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A Legion service for her

Heroes Remember

A Legion service for her

I love the Legion. And she was . . . at that time I went in for president and she was in the ladies' auxiliary. They needed a president, that says to her "Are you willing to go as first vice?" She says "No." She says "If I'm going in, I’m going in as president. He is in, and I am in." So we both went the same time as president. And that worked out good. You have no family life once you're in president. Family life, forget about it. You have meetings to go to, and this go and that go, and I enjoyed every minute of it. Comradeship, after I was alone, left . . . they did a lot for me. Yeah, they did a lot. Yeah, there was, I had the pallbearers from the legion. The legion service for her. So that's, that's beautiful. Couldn't do without it. So . . . I'm proud . . . I don't knock Holland down either, that's still where I was born, but I lived 19 years in Holland and was three years overseas and then I went here. So I lived more in this country than I did in Holland. Nobody realize that. I don't mind going home you know, as soon as you get by Labrador you know, I'm home again. If I see Newfoundland, I'm home again. Kind of stupid . . . I'm home again.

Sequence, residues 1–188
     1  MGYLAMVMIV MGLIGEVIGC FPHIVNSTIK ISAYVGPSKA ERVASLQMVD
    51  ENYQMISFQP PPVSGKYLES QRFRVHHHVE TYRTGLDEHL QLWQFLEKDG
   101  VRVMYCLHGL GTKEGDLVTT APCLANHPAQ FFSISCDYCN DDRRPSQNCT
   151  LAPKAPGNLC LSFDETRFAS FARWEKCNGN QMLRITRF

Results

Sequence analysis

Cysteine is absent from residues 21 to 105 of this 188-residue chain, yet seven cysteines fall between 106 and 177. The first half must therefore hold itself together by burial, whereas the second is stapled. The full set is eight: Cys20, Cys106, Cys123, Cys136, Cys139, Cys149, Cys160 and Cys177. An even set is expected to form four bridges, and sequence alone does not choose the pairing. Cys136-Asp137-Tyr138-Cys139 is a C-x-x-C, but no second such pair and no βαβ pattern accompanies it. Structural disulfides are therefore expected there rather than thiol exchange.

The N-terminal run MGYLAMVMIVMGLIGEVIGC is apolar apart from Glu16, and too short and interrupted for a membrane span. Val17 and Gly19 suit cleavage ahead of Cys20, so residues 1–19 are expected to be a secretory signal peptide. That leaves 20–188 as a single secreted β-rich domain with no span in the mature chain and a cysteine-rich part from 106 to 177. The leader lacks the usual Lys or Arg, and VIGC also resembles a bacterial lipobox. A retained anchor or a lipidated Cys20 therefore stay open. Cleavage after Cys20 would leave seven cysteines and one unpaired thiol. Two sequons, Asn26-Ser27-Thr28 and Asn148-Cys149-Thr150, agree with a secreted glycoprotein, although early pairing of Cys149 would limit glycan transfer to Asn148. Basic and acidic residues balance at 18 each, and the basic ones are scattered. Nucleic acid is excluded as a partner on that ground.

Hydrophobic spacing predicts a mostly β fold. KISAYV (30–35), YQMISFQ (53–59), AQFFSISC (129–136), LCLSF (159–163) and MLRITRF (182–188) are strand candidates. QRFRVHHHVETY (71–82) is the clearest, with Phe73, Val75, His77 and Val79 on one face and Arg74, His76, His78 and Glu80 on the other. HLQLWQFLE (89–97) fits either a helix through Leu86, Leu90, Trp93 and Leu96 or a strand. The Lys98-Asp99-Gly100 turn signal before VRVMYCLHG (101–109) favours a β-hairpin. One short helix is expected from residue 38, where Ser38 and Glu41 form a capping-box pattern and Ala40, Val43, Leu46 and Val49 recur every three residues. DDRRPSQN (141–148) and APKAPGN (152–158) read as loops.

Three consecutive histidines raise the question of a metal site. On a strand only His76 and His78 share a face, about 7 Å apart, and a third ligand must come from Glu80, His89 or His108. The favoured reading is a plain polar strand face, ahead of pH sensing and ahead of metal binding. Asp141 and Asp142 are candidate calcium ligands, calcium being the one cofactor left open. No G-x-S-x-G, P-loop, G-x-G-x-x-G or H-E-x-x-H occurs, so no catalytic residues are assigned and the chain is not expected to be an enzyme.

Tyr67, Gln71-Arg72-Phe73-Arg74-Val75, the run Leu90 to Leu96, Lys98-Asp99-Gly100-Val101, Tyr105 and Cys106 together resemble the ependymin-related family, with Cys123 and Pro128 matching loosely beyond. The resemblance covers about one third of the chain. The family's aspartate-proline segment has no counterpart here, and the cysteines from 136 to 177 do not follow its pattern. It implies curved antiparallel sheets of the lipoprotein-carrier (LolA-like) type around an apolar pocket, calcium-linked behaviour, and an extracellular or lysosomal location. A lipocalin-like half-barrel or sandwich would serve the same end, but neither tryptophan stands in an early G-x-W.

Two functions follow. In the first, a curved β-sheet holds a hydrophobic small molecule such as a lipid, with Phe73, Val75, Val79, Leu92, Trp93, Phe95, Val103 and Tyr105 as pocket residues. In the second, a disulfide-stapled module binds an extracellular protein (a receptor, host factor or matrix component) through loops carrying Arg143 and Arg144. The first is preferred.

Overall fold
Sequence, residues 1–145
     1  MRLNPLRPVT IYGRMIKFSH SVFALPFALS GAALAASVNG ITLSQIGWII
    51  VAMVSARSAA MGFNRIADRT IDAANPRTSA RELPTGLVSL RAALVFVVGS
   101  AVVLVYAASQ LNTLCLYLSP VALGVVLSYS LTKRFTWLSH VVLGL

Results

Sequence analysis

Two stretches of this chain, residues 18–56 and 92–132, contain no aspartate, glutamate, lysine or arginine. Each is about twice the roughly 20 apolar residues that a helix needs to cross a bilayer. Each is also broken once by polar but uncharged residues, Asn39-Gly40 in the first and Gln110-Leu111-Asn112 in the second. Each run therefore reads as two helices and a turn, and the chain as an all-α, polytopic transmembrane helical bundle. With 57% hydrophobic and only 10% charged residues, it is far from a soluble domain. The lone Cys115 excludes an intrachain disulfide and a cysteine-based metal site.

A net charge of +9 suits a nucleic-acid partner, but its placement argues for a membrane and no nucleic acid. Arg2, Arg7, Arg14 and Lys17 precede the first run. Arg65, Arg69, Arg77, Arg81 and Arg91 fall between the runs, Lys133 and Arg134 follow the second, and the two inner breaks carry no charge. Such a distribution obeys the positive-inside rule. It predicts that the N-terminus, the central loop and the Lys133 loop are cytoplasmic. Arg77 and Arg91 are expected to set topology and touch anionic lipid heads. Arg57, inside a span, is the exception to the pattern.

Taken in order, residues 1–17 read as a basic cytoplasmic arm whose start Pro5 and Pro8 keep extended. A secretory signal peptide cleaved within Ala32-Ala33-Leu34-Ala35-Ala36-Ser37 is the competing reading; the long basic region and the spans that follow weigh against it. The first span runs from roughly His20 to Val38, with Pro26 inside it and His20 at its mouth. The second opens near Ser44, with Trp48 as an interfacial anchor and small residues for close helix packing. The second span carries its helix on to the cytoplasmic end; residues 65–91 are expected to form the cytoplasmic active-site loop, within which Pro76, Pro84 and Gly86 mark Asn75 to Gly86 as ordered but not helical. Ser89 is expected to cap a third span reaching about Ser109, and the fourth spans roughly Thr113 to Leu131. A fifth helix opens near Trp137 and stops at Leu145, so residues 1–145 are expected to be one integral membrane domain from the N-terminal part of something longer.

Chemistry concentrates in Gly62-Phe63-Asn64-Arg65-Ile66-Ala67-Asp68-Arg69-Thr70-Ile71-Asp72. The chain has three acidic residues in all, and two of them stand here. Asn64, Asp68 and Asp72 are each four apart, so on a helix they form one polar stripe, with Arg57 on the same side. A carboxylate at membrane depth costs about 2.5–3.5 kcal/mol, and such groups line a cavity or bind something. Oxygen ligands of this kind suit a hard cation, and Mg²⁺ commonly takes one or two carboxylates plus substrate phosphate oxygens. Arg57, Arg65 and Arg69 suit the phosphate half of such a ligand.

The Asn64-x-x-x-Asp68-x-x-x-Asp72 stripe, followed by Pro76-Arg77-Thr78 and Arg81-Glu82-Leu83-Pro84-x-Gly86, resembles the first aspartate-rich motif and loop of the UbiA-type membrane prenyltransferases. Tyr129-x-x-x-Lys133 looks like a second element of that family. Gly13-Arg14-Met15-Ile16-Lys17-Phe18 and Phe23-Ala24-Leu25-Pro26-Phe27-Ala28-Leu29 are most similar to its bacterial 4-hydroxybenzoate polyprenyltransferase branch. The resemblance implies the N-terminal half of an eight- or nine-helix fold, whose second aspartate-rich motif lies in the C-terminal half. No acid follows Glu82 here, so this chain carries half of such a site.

Mr. Beukema reflects on the importance of the Legion to him and his wife, as well as his pride in being Canadian.

Laurens Beukema

Mr. Beukema was born in Forbruk, Holland, in 1927. He and his family lived through the hardships caused by the German occupation and the subsequent joy of liberation by the Canadian army. After serving overseas for three years in the Dutch Army, Mr. Beukema and his wife moved to Canada. Although he visits Holland often, Mr. Beukema is proud to claim Canada as his home.

Meta Data
Veterans Affairs Canada
Person Interviewed:
Laurens Beukema
War, Conflict or Mission:
Second World War

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